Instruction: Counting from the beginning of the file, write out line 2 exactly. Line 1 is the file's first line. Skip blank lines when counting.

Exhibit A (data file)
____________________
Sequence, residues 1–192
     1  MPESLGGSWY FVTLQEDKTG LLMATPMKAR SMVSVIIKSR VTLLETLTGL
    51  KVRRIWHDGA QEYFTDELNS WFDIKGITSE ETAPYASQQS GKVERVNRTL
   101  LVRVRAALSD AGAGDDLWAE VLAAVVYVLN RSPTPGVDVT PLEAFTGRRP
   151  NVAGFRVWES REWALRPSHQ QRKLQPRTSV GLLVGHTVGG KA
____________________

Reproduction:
     1  MPESLGGSWY FVTLQEDKTG LLMATPMKAR SMVSVIIKSR VTLLETLTGL